Pam Spano considers the challenge of being around difficult people - and learns that it can be a work of mercy.
Giving thanks and remembering the dead are the tasks for Catholics and Christians in November. Giving thanks during a nearly two-year pandemic can be challenging, and remembering the dead can be heartbreaking.
The living bring their own challenges to this month. My heart was challenged by people who I held at a higher standard. Their behavior was definitely a disappointment and I found myself using the phrase, “What would Jesus do?" (And other less family friendly phrases.) That in itself brought a challenge.
Of course, Jesus would forgive and eventually, I will, too, but until I get there, I struggle.
Then I came across an old article from Magnificat magazine:
I Desire Mercy
Putting up with annoying people: This too is a work of mercy, and we don't always recognize it as such.
Living side by side, we Christians certainly try to love one another according to Jesus' example and commandment. But despite everyone's good will, occasionally people with very different personalities end up living together. Thus it is comforting to know that to put up with others is a work of mercy: to endure their behavior, their awkward manner, their nagging; basically to lovingly disregard what are really minor shortcomings. Similar to feeding the hungry and visiting the sick, this is one of the works that will be asked of us at our final examination.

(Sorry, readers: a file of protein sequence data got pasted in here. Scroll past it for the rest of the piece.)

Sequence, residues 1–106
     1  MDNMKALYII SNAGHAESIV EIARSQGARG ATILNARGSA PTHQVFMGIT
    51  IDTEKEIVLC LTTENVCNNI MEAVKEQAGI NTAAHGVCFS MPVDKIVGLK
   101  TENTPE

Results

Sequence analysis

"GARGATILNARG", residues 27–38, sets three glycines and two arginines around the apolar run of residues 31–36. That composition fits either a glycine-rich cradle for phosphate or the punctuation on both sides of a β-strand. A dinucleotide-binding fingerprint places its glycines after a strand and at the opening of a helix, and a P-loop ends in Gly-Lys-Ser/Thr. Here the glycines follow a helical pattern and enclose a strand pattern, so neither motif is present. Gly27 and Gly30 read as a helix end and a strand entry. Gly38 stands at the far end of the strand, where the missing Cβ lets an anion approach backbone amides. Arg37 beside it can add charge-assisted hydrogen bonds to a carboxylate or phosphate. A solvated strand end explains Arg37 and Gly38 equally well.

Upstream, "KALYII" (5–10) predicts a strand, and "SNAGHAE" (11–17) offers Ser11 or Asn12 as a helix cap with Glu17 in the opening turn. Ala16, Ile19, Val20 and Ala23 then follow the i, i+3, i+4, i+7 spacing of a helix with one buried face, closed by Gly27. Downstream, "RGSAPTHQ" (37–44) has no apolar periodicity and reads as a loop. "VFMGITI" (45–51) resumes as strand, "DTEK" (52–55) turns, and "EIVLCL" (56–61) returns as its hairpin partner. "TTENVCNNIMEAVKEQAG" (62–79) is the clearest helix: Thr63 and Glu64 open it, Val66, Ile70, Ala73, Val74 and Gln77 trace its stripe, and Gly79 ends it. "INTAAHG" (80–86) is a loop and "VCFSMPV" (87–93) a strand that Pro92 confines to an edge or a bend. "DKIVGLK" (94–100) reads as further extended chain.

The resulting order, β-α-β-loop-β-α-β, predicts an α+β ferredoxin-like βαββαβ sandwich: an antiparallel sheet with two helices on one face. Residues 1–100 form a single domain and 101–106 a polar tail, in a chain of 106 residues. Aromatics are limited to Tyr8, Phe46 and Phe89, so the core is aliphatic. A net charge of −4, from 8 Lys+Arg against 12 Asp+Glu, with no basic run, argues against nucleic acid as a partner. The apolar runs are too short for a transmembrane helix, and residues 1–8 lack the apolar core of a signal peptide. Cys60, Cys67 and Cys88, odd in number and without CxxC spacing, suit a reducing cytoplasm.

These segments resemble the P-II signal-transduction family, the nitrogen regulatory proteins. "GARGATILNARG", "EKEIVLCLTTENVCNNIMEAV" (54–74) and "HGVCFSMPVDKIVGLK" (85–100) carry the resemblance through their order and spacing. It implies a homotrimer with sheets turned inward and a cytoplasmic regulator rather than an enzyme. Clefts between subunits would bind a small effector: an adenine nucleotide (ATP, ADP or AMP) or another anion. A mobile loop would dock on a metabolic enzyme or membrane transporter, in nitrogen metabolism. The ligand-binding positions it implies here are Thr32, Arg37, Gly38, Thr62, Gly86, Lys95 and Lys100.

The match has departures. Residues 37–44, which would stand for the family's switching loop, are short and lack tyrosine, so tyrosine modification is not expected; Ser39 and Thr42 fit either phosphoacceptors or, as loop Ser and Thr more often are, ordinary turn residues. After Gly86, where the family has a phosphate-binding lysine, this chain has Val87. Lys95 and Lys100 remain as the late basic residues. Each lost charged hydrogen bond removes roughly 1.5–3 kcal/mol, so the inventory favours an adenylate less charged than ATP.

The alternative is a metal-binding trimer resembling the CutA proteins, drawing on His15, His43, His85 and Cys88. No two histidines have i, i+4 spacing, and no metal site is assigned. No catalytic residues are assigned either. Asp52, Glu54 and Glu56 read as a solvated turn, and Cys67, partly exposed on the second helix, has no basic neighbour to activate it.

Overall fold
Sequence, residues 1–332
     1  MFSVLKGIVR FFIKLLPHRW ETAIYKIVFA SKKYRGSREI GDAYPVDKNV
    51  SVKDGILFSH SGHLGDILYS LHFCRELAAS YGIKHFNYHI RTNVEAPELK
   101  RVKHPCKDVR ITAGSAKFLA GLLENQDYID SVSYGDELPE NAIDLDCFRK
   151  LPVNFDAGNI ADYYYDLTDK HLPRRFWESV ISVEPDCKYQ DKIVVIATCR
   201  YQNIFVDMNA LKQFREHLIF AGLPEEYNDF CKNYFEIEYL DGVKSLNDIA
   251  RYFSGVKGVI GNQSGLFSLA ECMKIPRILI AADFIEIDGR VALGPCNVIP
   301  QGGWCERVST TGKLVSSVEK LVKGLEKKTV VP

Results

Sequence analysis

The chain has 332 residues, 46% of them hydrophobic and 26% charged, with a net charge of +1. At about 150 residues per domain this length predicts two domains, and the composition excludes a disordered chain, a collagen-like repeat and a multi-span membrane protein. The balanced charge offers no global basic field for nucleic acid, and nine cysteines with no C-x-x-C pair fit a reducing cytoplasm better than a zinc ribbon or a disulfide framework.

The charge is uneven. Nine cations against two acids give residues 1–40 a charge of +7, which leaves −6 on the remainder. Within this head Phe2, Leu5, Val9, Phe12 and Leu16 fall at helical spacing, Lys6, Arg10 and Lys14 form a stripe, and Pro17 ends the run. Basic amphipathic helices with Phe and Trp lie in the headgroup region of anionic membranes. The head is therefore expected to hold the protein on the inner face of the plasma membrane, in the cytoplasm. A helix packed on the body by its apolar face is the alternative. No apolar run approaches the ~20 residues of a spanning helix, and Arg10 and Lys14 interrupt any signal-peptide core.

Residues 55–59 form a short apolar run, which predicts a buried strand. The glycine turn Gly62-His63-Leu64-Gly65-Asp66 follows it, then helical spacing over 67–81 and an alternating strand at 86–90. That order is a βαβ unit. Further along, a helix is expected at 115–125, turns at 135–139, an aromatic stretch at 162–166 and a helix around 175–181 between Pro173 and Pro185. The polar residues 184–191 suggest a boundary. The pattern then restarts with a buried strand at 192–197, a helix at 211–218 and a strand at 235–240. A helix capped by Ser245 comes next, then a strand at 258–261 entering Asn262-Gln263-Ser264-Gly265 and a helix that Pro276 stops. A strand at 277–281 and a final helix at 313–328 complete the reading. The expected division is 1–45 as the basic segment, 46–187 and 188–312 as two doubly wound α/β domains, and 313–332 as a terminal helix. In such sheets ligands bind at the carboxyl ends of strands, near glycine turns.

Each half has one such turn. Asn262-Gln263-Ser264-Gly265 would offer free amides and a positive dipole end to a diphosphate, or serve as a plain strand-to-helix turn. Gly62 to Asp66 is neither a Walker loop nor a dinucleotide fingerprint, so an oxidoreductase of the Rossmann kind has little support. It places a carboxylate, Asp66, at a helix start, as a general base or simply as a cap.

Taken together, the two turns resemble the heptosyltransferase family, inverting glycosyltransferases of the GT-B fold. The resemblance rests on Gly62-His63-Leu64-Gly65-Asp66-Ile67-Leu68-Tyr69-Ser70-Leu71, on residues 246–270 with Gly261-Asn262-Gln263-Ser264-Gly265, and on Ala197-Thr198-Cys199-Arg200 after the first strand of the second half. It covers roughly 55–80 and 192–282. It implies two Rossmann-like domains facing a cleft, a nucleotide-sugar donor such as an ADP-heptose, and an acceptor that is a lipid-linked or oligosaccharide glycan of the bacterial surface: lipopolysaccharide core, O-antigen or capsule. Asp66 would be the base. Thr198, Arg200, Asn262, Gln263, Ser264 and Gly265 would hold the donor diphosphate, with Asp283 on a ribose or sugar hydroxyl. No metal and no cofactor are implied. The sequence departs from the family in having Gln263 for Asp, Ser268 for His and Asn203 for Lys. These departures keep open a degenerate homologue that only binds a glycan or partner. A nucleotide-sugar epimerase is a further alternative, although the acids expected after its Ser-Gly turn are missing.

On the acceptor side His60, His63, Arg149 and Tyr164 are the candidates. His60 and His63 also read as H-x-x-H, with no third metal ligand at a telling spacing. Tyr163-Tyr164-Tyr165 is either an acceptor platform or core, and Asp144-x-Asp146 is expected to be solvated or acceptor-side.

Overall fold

(Servant of God Chiara Lubich)
The dimmer light in my head slowly moved towards full brightness. To put up with others is a work of mercy? Marilyn Hetrick, one of my readers on Facebook, put it beautifully:
“Isn’t it amazing that my own short-comings of impatience and selfishness can be a blessing for others who have to endure them? Lord, grant me the strength to be the one who endures others rather than the one who must be endured.”
The realization that I would be the one to endure others instead of being the one who must be endured changed my perspective of the situations. I was grateful and felt blessed that at least this time, I wasn’t the one being endured.
So instead of feeling angry at the people I have endured, I will accept the blessing and I will pray that the Lord grants me the strength to endure them.
One last thing: When I asked Marilyn permission to use her lovely quote and give her credit, she replied, “I hope you’ll attribute the true source of that prayer — the Holy Spirit. He always has just the right words when I need them.”
Copyright 2021 Pam Spano
Images copyright 2021 Pam Spano
About the Author
Pam Spano converted to the Catholic faith as an adult over 30 years ago. Her conversion story started when she sarcastically said to her Catholic boyfriend at the time, "I suppose if we were to get married, you would want me to convert." He thought for a moment and said, "Well, I am worried about your soul." And so the journey began ...